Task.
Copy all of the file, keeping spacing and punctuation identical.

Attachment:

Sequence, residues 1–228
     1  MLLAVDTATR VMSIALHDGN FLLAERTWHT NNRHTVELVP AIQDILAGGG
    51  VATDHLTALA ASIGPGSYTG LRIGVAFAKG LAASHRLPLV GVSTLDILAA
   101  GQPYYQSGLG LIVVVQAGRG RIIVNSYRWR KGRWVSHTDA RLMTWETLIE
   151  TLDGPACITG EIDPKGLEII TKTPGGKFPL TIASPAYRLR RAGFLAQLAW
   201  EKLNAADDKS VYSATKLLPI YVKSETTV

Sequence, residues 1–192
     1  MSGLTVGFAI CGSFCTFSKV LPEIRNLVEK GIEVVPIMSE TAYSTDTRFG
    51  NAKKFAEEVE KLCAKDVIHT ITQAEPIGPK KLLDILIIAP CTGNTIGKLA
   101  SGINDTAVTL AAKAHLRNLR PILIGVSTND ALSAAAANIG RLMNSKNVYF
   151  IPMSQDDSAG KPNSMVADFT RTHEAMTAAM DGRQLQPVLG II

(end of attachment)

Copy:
Sequence, residues 1–228
     1  MLLAVDTATR VMSIALHDGN FLLAERTWHT NNRHTVELVP AIQDILAGGG
    51  VATDHLTALA ASIGPGSYTG LRIGVAFAKG LAASHRLPLV GVSTLDILAA
   101  GQPYYQSGLG LIVVVQAGRG RIIVNSYRWR KGRWVSHTDA RLMTWETLIE
   151  TLDGPACITG EIDPKGLEII TKTPGGKFPL TIASPAYRLR RAGFLAQLAW
   201  EKLNAADDKS VYSATKLLPI YVKSETTV

Sequence, residues 1–192
     1  MSGLTVGFAI CGSFCTFSKV LPEIRNLVEK GIEVVPIMSE TAYSTDTRFG
    51  NAKKFAEEVE KLCAKDVIHT ITQAEPIGPK KLLDILIIAP CTGNTIGKLA
   101  SGINDTAVTL AAKAHLRNLR PILIGVSTND ALSAAAANIG RLMNSKNVYF
   151  IPMSQDDSAG KPNSMVADFT RTHEAMTAAM DGRQLQPVLG II